ROCK CRYSTAL, the clear and colorless variety of quartz


  • VARIETY OF: Quartz , SiO 2 , Silicon Dioxide .
  • USES: Ornamental stone and gemstone.
  • COLOR: Colorless.
  • INDEX OF REFRACTION: 1.544-1.553
  • CLEAVAGE: none
  • CRYSTAL SYSTEM: trigonal

Rock Crystal is the name given to all clear colorless quartz. It is widely used as a popular ornamental stone and is also used as a gemstone. Although it is one of the least expensive gemstones, cut rock crystal has been used as imitation diamonds. Rock crystal lacks the fire, color (of course) and the rarity to be ranked as a fine precious gemstone. None-the-less, rock crystal is in wide use as a gemstone due to its beauty, affordability, availability, and ease of cutting.

The most common use for rock crystal is in ornamental carvings. A well known ornamental carving for rock crystal is the crystal ball of fortune telling fame. While rock crystal is common it is hard to find large crystals of quartz with the clarity and size required for the crystal balls that most of us associate with fortune tellers. Rock crystal is used for many ornamental carvings from spheres (crystal balls) to pyramids to obelisks to figurines to eggs to bowls to wands. There are also many fine chandeliers that are outfitted with rock crystal ornaments.

Rock crystal can have the colorless clarity of pure water, unlike ordinary window glass which is a pale green. Yet the most common flaws - internal fractures - result in veils and colorful refractions that lend beauty to an otherwise ordinary object.

Rock crystal is an alternate and traditional birthstone for the month of April. Quartz is often associated with balance, clarity, and energy.

Many people prefer uncut clusters of rock crystal. These natural treasures look like crystal cities of fantasy stories. The long slender clear prisms of quartz projecting upward from a common base are true mineralogical wonders that can be admired by all. They cost of good clusters of rock crystal is quite affordable and comes from sources around the world. The best rock crystal sources are in the famous Hot Springs area of Arkansas, USA; Cumberland, England; St. Gotthard, Switzerland; Brazil and Madagascar. Large individual crystals of quartz have been found in Brazil, the largest weighs over 44 tons.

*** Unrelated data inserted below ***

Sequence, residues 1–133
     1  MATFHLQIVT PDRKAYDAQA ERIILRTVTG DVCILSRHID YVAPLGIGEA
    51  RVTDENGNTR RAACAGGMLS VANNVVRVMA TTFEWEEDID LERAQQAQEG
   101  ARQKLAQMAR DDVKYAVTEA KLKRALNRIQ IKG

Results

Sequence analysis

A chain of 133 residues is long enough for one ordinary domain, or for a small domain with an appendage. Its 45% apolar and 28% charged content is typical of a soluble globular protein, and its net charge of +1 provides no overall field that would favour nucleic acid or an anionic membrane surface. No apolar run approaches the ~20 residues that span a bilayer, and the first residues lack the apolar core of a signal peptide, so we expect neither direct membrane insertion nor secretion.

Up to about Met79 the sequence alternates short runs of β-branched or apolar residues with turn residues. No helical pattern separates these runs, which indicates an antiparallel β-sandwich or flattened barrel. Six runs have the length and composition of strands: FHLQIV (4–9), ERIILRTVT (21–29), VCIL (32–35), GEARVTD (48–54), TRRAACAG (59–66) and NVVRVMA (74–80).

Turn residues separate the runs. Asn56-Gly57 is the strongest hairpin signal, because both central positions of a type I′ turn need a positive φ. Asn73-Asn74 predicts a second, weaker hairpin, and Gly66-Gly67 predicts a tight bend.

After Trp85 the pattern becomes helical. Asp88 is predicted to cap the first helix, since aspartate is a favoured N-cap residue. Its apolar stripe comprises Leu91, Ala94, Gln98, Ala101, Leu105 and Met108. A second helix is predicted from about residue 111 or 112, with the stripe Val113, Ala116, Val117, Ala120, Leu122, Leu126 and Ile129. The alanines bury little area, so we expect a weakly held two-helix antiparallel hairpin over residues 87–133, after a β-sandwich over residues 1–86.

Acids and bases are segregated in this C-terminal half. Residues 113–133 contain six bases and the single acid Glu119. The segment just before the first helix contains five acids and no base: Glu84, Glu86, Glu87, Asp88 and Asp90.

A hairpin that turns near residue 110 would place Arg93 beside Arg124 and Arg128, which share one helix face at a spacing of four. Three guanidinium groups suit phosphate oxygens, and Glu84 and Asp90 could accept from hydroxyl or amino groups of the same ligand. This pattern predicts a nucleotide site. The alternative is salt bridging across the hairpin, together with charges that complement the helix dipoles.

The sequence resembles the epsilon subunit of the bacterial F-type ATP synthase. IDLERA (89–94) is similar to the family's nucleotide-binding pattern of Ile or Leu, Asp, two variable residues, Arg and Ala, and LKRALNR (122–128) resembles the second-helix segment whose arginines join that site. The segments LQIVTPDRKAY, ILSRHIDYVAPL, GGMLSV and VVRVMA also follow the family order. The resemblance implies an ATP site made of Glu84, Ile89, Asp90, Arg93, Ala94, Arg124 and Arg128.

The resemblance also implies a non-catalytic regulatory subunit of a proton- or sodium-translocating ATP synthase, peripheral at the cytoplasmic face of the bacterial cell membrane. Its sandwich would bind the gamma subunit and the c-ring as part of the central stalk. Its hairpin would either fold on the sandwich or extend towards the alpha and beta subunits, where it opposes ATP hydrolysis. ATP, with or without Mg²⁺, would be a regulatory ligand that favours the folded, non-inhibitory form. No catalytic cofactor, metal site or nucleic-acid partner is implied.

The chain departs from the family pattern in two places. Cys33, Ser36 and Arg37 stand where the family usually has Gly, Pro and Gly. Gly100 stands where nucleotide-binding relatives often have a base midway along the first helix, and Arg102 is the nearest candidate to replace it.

Rock crystal often has inclusions of other minerals and these inclusions sometimes produce popular varieties of ornamental stone. Golden rutile inclusions produce a unique stone aptly named rutilated quartz that has a very hair-like look. Another apply named stone is called tourmalinated quartz and contains intricately crossing needles of black schorl tourmaline trapped in the clear crystal.

Phantoms are a result of inclusions which occur when other minerals such as chlorite, hematite or even milky quartz form as a crust on the surface of the crystals during a hiatus in the crystal's growth. The crystal then grows out and around the encrusting growth, encasing it inside. But since the thin encrustations formed over a crystal complete with crystal faces it appears that there is a crystal inside the crystal. The encrustations are often incomplete or diffuse and appear ghostly, hence the name phantom.

Rock crystal is only one of several quartz varieties. Other varieties that form macroscopic (large enough to see) crystals are as follows:

  • Amethyst is the purple gemstone variety.
  • Citrine is a yellow to orange gemstone variety that is rare in nature but is often created by heating Amethyst.
  • Milky Quartz is the cloudy white variety.
  • Prasiolite is the leek-green variety.
  • Rose quartz is a pink to reddish pink variety.
  • Smoky quartz is the brown to gray variety.
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